The Rider is a western that offers the opposite attitude from most alpha -male, macho- driven Westerns, and indeed some today’s of society itself. The attitude of pushing through pain, never thinking about quitting despite drastic circumstances. You aren’t a man if you don’t saddle up.
Brady (real rodeo-rider Brady Blackburn) suffered a severe head injury resulting from a rodeo accident, and after being stitched up, he ‘escapes’ hospital. This seems to be related to the above culture surrounding his life within the horse riding/rodeo circuit and the area in which he lives. The quiet, opening moments of the film depicting the depression he is feeling tell us that despite the impulse to easily escape hospital, the temptation of getting back into the saddle will be a difficult situation to deal with.
Brady’s position forces himself to evaluate his life moving forward. This is influenced by an early scene around a campfire with fellow rodeo rider friends, as he tells of how he was stomped in the head by the horse and the resulting trauma that it caused, ending with him in a coma. After finishing his brief recollection of nearing dying in the hospital, his friends smile as the group begin to trade how many injuries/concussions each have had – they are badges of honour here. It is the perfect scene, and short, to outline the attitude of his fellow riders without telling us overtly.
One rider tells of a time where Brady told him to push through the pain of a rib injury, to keep riding no matter the cost. Awkwardness follows and he challenges Brady, asking if he’ll let his passion slip away just because his head hurts. This is not the first time his masculinity is challenged as this is an environment where that attitude is expected, is seen as necessary, from adult males, especially around the rodeo circuit which Brady has called home.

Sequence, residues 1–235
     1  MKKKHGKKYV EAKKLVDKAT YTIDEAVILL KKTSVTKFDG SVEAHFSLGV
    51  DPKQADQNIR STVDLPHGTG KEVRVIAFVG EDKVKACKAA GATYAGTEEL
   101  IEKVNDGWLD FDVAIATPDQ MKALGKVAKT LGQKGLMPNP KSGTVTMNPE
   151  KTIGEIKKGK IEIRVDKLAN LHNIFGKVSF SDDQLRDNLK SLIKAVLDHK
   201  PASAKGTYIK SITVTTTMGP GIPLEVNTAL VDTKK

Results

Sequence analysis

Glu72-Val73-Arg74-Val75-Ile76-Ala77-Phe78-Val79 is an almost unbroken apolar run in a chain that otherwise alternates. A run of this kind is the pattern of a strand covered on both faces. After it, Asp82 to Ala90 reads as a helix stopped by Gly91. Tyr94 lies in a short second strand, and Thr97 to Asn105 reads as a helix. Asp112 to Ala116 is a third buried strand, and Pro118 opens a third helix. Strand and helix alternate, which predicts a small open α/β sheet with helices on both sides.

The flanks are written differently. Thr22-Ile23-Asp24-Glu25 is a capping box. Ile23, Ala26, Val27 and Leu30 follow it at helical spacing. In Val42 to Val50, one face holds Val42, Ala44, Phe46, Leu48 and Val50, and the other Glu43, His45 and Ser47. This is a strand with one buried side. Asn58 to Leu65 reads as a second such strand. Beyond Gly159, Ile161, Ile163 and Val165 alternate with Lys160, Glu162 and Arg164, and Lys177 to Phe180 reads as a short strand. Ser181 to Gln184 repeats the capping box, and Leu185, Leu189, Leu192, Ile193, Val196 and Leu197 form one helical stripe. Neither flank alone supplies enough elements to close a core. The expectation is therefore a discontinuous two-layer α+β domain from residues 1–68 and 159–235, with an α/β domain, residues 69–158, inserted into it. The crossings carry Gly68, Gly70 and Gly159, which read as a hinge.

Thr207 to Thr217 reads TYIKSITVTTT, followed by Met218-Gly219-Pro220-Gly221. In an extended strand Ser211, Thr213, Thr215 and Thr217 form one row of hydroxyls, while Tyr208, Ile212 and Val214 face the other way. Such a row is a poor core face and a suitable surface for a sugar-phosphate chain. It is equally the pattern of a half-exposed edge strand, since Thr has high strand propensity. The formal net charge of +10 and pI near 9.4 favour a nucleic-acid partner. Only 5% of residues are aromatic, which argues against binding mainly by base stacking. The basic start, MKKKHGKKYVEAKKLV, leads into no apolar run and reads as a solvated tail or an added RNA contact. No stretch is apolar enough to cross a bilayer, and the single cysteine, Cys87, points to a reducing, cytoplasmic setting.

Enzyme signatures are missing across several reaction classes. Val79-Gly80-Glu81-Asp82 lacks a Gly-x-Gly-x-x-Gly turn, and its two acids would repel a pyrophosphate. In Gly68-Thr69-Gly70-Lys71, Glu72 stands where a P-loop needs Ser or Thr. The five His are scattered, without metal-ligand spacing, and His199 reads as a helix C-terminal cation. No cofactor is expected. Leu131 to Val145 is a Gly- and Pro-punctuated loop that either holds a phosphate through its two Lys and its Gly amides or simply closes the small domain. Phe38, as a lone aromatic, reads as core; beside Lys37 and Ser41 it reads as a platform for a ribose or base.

The film has a smattering of emotional moments that tear at the heart, especially when Brady visits Lane, a friend who was also seriously injured in a rodeo accident, though the way his life took a turn is a life in hell compared to the existence Brady lives each day, as Lane is stuck is a hospital bed barely able to talk or move. This puts Brady’s injury in perspective. It is also telling that none of the group of friends from the earlier scene have visited him, as f he has intentionally left their culture.
This powerful story is non-fiction in a sense, as Chinese director Chloé Zhao has worked with real rodeo riders to create her film, each displaying admirable acting abilities. She is also working with a true story, as Brady Jandreau, who stands out as the titular character, sustained a serious brain injury similar to that depicted. That he takes on this material as an actor is a brave decision and surely is a large influence on why his performance is so gritty, sad, and most importantly, very believable.
The major decision he must make about jumping on a rodeo horse again is an uncertainty for almost the entire length of the film, and Brady is convincing in bringing this onto to the screen, especially during quiet close-ups of his face. That Brady’s dad and sister also play themselves not only enhances the realistic nature of the film, but also the family interactions, especially when his dad is critical of him not wanting to get back on the saddle. As his father is a drunk, Brady takes a special interest in raising his sister who has a learning disability of some sort.
This, and his visits to Lane, depict the humanity within Brady, not to mention the important reality that if one is in pain, they usually have empathy for anyone that is also suffering. This is a fantastic character study and one of the best films of 2018 so far.
Zhao and her DP Joshua James Richards have created a spectacular looking picture, whether it is the rugged land of the west or the incredible landscape images sometimes involving a wondering Brady. The close-up angles used throughout to focus on Brady’s face further cement Jandreau’s acting ability, while other cramped shots of his family’s small trailer are efficient in showing us Brady’s home situation without the need for much, if any, exposition. Brady should receive some attention, as this film has been considered by some as one of the best of the year. No arguments here, this is a powerful film that is hard to fault.
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